Maple sugar has a great history. Native Americans were the first to learn of the sweet sap inside the maple tree. Early settlers learned about sugar maples from Native Americans. Maple became a popular sweetener in colonial New England.
Sap runs out of maple trees on days when daytime temperatures are around 40 degrees following nighttime temperatures below freezing. It takes about 40 gallons of sap to make one gallon of maple syrup because sap is about 98% water. Sugar is made when the syrup is heated further, turning it into crystallized sugar granules.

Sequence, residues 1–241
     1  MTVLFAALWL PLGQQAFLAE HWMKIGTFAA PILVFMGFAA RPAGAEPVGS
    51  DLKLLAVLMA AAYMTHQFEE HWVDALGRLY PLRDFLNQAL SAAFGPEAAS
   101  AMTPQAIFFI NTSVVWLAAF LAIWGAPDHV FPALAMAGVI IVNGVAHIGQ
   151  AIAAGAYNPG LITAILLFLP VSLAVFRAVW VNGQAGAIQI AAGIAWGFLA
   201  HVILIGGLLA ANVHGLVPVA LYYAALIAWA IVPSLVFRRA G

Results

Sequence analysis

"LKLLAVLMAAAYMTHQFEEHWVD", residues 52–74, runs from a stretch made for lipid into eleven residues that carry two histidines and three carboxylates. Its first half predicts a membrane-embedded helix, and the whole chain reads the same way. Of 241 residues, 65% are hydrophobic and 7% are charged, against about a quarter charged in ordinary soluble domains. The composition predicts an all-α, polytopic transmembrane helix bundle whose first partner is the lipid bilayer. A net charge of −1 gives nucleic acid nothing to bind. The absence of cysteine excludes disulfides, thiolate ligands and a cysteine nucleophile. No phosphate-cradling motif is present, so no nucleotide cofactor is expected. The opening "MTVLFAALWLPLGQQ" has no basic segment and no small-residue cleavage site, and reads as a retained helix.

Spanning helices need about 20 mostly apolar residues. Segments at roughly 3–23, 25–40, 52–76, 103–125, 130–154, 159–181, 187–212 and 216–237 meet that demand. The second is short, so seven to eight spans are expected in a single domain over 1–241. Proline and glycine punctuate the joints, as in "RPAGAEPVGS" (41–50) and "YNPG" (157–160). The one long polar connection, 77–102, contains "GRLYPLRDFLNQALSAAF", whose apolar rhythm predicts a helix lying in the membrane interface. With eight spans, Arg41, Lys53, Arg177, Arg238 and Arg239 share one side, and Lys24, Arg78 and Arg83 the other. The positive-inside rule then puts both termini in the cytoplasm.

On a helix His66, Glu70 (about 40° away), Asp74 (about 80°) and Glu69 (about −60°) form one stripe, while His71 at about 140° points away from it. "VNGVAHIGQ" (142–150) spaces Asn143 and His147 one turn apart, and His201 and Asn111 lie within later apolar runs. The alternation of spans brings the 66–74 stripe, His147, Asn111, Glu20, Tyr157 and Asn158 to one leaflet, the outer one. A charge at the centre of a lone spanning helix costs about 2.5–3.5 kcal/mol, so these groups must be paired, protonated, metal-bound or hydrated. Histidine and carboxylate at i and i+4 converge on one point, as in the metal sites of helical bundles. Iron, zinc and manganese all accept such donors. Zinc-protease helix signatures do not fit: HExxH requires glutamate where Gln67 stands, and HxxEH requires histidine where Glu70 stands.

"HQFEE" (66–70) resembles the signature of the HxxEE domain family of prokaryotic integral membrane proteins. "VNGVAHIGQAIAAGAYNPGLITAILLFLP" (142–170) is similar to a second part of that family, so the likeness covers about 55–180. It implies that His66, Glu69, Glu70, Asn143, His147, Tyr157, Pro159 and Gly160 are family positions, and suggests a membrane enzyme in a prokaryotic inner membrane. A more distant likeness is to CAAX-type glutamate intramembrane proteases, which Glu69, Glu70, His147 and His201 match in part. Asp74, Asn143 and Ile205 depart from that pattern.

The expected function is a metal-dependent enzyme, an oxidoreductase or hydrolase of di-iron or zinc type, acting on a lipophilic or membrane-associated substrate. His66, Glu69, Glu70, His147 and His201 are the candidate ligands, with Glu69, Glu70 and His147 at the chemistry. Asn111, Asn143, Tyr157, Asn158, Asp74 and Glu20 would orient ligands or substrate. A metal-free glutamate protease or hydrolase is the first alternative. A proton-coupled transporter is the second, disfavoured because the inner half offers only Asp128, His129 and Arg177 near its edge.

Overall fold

SUBSTITUTE 1:1 FOR CANE SUGAR
Maple Plus’s granulated maple sugar can be substituted 1:1 anywhere you would use granulated cane sugar. Our maple sugar imparts a light, caramel flavor and golden brown color to recipes. If you like brown sugar, you will like maple sugar. Because of the CBD content in our maple products, it is best to avoid recipes that require extreme heat. Our product performs better in recipes that require lower heat and longer temperature.